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Chronic Pain

6 Surprising Factors that Contribute to Physical Pain

Some cases of pain are not traceable to a specific injury.

Heike Frohnhoff/Pixabay
Source: Heike Frohnhoff/Pixabay

As we age, it’s common to have little or not-so-little aches and pains. One woman had a sharp pain under her right shoulder blade that didn’t go away despite stretching at home, yoga class, hot baths with Epsom salt, and an hour and a half massage. What did the trick? Working the muscle with a kettle ball.

If your pain has lasted a while, you may need to look at different angles. “By far the most important thing to understand about treating chronic pain is that it is difficult because it almost never has one cause: it is extremely multifactorial. It’s always a game of Whac-A-Mole with chronic pain — but with some really strange moles. And well-camouflaged moles,” writes science journalist Paul Ingraham.

Don’t be surprised if you’re told that your pain isn't due to an injury. Less than 40 percent of chronic pain cases are traceable to an event. About a third are classified as having an “unknown” cause. Below are some surprising sources of pain and how to address them.

1. Emotions

Your pain may be linked to emotions. It's not just a metaphor to use the same language for emotional and physical injury or hurt.

If you spend more time alone than you’d like—or feel people don’t enjoy your company—your body may respond with alarm. Loneliness, which is arguably as bad for your health as smoking cigarettes, seems to increase your vulnerability to chronic pain. And when we're uncomfortable, we tend to retreat into our homes or beds, compounding the problem.

Have you had a romantic breakup or lost a job? Some people may be especially vulnerable to pain from rejection. It's important to understand that the mechanism for emotional pain piggybacks in our brain on the receptors for physical pain. There's even evidence that taking Tylenol can make you less rejection-sensitive. Forgiving the person who hurt you can help as well. You may find yourself having more physical pains when you feel angry and rejected.

The vagus nerve, at the back of your neck, carries signals from the mind to the body and back. If it doesn't function normally, some researchers say that could contribute to the link between childhood trauma and chronic pain, including migraines, years later.

2. Not enough use

It’s counterintuitive, but a workout can drive away muscle pain. Think of a restless boy who starts acting out, punching his kid sister. Get him outdoors on a scooter for an hour and he’s sweet-tempered again. The woman's shoulder pain went away because she hoisted the kettle ball in ways that used her shoulders, chest, arms, and abdomen.

3. Interrupted or too little sleep

Lack of deep sleep diminishes your tolerance to pain. The problem may be sleep apnea, insomnia, or — in a feedback loop — your pain waking you up. First, address sleep problems. Up your aerobic exercise to 30 minutes a day, which will make it easier to get deep sleep. Turn off your smartphone and computer an hour or more before bedtime. Irrigate a clogged nose. You may need a new mattress or a test for sleep apnea.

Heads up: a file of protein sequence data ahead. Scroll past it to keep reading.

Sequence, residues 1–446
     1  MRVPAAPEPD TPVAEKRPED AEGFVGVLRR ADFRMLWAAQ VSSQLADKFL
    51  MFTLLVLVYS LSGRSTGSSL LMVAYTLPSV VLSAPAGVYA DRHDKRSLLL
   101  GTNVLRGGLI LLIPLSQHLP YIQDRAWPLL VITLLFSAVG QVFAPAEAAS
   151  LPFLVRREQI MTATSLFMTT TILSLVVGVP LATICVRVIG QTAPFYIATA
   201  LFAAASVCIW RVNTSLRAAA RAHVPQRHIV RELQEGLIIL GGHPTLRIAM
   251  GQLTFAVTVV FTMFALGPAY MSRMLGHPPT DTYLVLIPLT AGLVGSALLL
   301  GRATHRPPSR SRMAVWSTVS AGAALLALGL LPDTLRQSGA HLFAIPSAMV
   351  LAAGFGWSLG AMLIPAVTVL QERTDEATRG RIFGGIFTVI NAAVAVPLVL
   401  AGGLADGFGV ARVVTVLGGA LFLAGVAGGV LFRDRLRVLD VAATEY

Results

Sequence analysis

4. Not enough estrogen

A drop in estrogen also lowers pain thresholds. Vijay Vad, MD, a sports medicine specialist at the Hospital for Special Surgery in New York City and the author of Stop Pain: Inflammation Relief for an Active Life, recommends taking 2,000 mg daily of curcumin. A compound in turmeric, curcumin is a potent anti-inflammatory, but it is hard to absorb in a powder, unless it is combined with a constituent of black pepper. But some formulations, including curry dishes, address that problem. Note that curcumin can interact with anti-coagulant drugs and might be best to avoid if you have gallstones. If you have other menopausal issues, you might talk to your gynecologist about hormone replacement therapy.

5. Low thyroid

Vad recommends that anyone with arthritis or any type of joint or muscle pain that has taken a turn for the worse ask for a “thyroid function panel,” which measures levels of thyroid stimulating hormone (TSH) and other hormones in your blood. A normal TSH is between 0.4 mlU/L and 4.0 mlU/L. Medication can relieve pain within a month, even if your level is considered “borderline.”

6. Lyme disease

If you live in an area where Lyme disease is a problem, find a bulls-eye rash on your body, and have headaches or joint aches, a doctor may give you antibiotics immediately. But some people fail to notice a tick bite or rash. Antibodies against Lyme disease bacteria take 4 to 6 weeks to develop. Wait at least a month to get tested with either the enzyme-linked immunosorbent assay (ELISA), an indirect fluorescent antibody (IFA) test, or a test that provides results within an hour called PreVue. If you get a positive or uncertain result, follow up with a Western blot. What if you got a negative result at the first stage but still have pain or unexplained fatigue? You may have been tested too early, so try again. According to the Centers for Disease Control and Prevention, other tests — such as urine antigen, immunofluorescent staining, and lymphocyte transformation — remain unproven. To get a second opinion, look for a specialist.

You may also want to look into fibromyalgia if you can't pinpoint another cause and you have pain all over your body.

A version of this story also appears at Your Care Everywhere.

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